How to: Pass Values Between ASP.NET Web Pages

If your application redirects (navigates) from one ASP.NET Web page to another, you will frequently want to pass information from the source page to the target page. For example, you might have a page where users can select items to purchase. When users submit the page, you want to call another page that can process the information that the user has entered.

You can pass information between pages in various ways, some of which depend on how the redirection occurs. Options include the following:

  • Use a query string, which appends information onto the URL of the target page. You can use a query string when using a HyperLink control to build navigation into a page or when you are programmatically redirecting to another page using the Redirect method.

    Passing values in a query string works even if the pages are not in the same Web application; it also works if you want to pass information to a page that is not an ASP.NET Web page. If the target page is an ASP.NET Web page, you can read the value of the query string out of the QueryString property of the HttpRequest object.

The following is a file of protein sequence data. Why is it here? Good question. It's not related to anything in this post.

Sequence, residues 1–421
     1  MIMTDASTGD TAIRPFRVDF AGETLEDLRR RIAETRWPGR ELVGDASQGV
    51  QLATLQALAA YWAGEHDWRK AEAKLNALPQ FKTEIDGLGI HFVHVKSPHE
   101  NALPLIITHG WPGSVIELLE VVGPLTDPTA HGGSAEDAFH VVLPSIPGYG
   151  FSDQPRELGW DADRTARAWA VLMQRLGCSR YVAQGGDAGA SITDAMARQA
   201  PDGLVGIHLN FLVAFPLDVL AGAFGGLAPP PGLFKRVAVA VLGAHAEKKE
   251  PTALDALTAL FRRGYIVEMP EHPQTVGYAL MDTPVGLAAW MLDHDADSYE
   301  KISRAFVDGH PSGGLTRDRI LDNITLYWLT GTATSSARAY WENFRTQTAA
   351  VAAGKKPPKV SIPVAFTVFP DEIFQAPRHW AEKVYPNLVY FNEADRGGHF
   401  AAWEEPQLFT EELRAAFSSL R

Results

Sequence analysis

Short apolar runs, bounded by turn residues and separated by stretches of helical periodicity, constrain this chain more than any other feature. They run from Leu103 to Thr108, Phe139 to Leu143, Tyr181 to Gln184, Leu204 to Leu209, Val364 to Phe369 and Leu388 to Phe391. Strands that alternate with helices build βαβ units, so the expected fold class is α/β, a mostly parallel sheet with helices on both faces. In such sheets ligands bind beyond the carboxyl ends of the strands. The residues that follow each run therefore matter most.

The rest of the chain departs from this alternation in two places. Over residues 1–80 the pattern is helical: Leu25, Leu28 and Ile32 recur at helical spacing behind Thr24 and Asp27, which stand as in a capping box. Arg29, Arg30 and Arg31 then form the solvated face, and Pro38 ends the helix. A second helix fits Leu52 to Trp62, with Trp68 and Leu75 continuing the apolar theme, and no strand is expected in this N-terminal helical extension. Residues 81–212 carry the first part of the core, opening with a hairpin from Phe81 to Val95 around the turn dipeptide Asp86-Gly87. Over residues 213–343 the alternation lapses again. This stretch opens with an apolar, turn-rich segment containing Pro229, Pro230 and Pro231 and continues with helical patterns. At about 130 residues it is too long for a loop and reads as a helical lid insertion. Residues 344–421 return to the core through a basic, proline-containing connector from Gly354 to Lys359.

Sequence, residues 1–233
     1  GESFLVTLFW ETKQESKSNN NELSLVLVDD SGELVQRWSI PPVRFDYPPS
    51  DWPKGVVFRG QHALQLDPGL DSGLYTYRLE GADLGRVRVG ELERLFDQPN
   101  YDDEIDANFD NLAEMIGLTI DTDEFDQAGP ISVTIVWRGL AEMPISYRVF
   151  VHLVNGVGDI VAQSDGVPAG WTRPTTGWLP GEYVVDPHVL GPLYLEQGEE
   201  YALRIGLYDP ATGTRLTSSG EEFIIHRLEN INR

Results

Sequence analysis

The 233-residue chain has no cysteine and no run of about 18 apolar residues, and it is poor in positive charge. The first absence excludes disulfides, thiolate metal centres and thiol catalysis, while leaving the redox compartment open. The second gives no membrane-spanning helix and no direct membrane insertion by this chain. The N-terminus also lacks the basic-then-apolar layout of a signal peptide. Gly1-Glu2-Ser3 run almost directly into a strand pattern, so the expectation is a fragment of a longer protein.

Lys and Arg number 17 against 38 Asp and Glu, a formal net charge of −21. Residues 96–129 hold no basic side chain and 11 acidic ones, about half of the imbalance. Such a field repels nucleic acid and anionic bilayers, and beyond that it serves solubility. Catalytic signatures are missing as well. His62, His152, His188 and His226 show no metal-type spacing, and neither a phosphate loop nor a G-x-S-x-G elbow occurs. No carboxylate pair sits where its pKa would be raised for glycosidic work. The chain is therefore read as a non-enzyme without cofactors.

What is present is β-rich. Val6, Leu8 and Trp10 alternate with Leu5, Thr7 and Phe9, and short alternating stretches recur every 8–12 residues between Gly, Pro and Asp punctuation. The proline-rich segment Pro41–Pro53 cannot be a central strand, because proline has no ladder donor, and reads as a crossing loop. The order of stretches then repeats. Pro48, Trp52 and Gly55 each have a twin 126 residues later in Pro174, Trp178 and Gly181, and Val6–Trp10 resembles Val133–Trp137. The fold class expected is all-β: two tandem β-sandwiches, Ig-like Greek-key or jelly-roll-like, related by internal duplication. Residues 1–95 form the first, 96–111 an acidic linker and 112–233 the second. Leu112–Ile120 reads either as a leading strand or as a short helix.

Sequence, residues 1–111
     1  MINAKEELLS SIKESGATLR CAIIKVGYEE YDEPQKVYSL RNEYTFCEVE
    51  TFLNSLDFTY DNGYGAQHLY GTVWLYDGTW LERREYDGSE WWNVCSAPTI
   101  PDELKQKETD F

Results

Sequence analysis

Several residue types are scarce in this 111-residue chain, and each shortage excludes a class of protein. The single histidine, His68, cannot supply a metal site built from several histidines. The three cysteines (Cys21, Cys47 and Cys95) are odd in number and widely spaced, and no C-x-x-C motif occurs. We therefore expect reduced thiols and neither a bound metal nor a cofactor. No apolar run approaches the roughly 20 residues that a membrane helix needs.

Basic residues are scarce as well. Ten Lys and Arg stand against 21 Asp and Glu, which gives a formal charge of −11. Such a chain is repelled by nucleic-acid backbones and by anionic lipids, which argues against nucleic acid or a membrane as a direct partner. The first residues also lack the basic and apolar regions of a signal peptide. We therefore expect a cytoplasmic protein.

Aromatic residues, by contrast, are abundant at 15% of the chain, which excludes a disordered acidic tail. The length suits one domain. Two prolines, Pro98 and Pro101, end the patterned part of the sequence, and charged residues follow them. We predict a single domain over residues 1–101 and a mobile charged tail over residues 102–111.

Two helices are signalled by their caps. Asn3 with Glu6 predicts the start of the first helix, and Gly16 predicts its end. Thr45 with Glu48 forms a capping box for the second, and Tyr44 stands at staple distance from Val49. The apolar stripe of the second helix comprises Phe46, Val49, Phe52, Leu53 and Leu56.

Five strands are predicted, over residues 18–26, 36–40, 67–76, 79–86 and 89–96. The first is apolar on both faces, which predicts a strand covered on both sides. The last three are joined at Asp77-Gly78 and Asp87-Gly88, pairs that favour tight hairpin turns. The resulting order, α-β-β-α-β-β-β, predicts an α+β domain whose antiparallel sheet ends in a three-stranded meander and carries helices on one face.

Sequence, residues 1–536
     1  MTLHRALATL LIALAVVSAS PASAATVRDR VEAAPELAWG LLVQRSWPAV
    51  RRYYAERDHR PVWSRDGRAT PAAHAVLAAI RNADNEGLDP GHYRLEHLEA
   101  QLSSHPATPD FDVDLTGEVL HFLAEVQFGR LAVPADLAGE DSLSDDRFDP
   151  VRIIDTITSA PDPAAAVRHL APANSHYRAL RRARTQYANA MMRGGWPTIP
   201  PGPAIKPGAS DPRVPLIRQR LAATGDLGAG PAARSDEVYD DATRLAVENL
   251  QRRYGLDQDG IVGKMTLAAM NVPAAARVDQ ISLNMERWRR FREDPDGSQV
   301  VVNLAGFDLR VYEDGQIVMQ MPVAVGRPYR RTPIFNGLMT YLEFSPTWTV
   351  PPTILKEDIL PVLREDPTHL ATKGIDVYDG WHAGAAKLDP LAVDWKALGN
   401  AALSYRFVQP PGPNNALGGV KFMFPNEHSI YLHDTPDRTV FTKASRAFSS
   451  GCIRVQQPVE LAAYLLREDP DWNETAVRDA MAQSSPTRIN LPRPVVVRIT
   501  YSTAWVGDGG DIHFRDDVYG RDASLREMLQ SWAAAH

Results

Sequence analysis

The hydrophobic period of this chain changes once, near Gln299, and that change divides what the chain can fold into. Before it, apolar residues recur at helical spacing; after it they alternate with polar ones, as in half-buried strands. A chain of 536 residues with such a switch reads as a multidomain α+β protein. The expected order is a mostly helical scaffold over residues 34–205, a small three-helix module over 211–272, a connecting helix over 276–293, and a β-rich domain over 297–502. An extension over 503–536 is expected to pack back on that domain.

Never pass sensitive data using a query string, because the information is visible to users and can easily be modified, thus representing a potential security risk.

  • Use session state to store information that is then accessible to all ASP.NET Web pages in the current application. However, this takes server memory, and the information is stored until the session expires, which can be more overhead than you want for simply passing information to the next page. For details, see ASP.NET State Management Overview.

  • On the target page, read control values and public property values directly out of the source page. This strategy works in two situations: when the source page cross-posts to the target page (for more information, see How to: Post ASP.NET Web Pages to a Different Page), and when you call the Transfer method to transfer execution from the source to the target page on the server. The strategy of reading values directly from the source page is described in this topic.

Getting Public Property Values from the Source Page

If you are designing the source page specifically for sharing information with target pages, and both pages are ASP.NET Web pages, in the source page you can add public properties that expose information you want to share between pages. You can then read the values of the properties in the target pages.